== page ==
East African Campaign
World War I in Africa
Sub-Saharan Africa 1916.0807
East African Campaign
Great War in Africa, East African Campaign, colonial campaigns (7 August 1916)
Historical Map of Sub-Saharan Africa
By March 1916 the Allies had conquered all of the German colonial empire except for German East Africa. That month, reinforced by veteran South African units, the British and Belgians launched a multi-pronged offensive to overrun this last enemy colony, invading the territory from British East Africa, Northern Rhodesia, the Belgian Congo, and Uganda.
1916 East African Offensive
Their victory in South-West Africa in 1915 allowed the British to transfer veteran South African units under General Jan Smuts to British East Africa for a renewed invasion attempt on German East Africa. In March 1916 the British crossed the border near Mount Kilimanjaro to begin their main attack on the colony; additional advances were made from the Belgian Congo, Uganda, and Northern Rhodesia. By September a British landing force had captured Dar es Salaam, completing Allied control of the German Central Railway to Ujiji and forcing the Germans into the southeast of the country.
Portugal enters World War I
On 23 February 1916, at the request of the British, Portugal ordered the internment of 36 German and Austro-Hungarian ships in Lisbon. Germany reacted by declaring war on Portugal two weeks later; the Portuguese immediately responded with a reciprocal declaration. On 7 August the Portuguese Parliament approved the dispatch of an expeditionary force to France and a build up of its colonial forces in Africa.
In March 1916 Sirdar Reginald Wingate led 2,000 Sudanese and Egyptian troops from the Anglo-Egyptian Sudan into the Sultanate of Darfur to restore British power over the territory following Sultan Ali Dinar’s decision to side with the Central Powers. On 22 May the British decisively defeated the Fur Army at Beringia, occupying the capital of El Fasher the following day. Dinar fled south with his remaining forces, eventually dying in Jebel Juba in November when the British fired on his camp. On 1 January 1917 Darfur was annexed to the Anglo-Egyptian Sudan.
In 1916 Kaocen Ag Geda, an adherent of the Senussi religious order, led a Tuareg revolt from the Aïr Mountains of northern Niger in French West Africa. Supported by the Senussi of Kufra, Kaocen united Tuareg rebellions across the Sahara to besiege the French in Agadez in December. In 1917 the French forces in West Africa pushed back the rebellion in the south while gaining the support of Moussa Ag Amastan of the Kel Ahaggar Tuaregs in Algeria’s Southern Territories to the north. With the assistance of Moussa, Kaocen was defeated and killed in early 1919, although Tuareg resistance would continue for another year.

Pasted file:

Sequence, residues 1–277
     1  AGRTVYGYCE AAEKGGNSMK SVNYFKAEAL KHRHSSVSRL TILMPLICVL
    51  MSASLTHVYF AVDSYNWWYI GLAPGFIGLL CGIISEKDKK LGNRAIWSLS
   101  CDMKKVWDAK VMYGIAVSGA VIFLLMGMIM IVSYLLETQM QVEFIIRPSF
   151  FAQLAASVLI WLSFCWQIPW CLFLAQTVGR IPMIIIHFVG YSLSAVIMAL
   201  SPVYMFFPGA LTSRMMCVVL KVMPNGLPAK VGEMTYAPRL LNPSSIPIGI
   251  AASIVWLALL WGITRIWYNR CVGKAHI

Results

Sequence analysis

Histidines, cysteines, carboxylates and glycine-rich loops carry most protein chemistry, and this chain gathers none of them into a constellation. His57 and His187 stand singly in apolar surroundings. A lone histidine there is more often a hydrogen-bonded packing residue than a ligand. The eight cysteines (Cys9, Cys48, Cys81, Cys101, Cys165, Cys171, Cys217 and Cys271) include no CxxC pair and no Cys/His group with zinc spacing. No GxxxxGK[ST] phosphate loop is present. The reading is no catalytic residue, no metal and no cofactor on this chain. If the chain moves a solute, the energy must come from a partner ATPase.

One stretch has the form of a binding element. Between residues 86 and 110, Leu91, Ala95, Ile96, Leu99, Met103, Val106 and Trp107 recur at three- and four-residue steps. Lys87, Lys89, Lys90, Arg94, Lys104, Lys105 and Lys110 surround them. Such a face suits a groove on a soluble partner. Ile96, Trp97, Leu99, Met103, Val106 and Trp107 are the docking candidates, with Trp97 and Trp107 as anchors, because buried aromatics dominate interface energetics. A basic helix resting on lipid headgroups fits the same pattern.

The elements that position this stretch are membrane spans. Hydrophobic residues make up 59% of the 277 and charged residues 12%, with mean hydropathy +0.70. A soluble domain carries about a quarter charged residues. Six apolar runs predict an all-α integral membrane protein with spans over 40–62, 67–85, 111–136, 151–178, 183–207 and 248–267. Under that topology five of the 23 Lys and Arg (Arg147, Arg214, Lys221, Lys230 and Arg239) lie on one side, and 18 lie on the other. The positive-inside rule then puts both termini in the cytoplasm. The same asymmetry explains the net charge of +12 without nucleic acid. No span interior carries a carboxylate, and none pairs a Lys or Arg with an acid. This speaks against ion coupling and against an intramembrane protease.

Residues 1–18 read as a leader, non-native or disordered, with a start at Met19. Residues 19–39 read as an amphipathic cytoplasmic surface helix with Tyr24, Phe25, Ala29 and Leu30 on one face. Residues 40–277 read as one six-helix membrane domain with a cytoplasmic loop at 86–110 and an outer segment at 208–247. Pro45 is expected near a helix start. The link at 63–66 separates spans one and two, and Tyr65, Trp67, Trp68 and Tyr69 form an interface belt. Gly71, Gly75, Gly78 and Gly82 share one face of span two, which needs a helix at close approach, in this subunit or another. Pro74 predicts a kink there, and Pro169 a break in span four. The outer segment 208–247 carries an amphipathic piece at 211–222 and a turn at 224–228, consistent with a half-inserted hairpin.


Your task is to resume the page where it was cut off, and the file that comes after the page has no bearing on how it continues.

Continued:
Apostasy of Lij Iyasu
Lij Iyasu, the designated but uncrowned Emperor of Ethiopia since December 1913, had been born to a Muslim convert to Christianity. In 1915 Iyasu began to spend much of his time consorting with the Muslim community and secretly traveled to French Somaliland in August without informing either the Ethiopian or French governments. Suspicions that he had converted to Islam and was about to join the Central Powers in return for French Somaliland seemed confirmed when it was reported that he had acknowledged the Ottoman Sultan as Caliph in April 1916.
Two columns of the Belgian Congo’s Force Publique entered German East Africa, marching north and south of Lake Kivu to conquer Ruanda and Urundi in May 1916. From here they advanced south and eastwards, capturing Ujiji and Kigoma in July, and Tabora in September. Meanwhile, a smaller British force from Uganda crossed Lake Victoria and landed Mwanza; it also advanced on Tabora, which it reached shortly after the Belgians.
Battle of Mecca
Hussein bin Ali, the Sharif of Mecca and leader of the Banu Hashim clan, declared independence from the Ottoman Empire, bringing Mecca into revolt. Ottoman resistance in Mecca lasted until July 4, when Jirwal barracks capitulated to British-supplied artillery.
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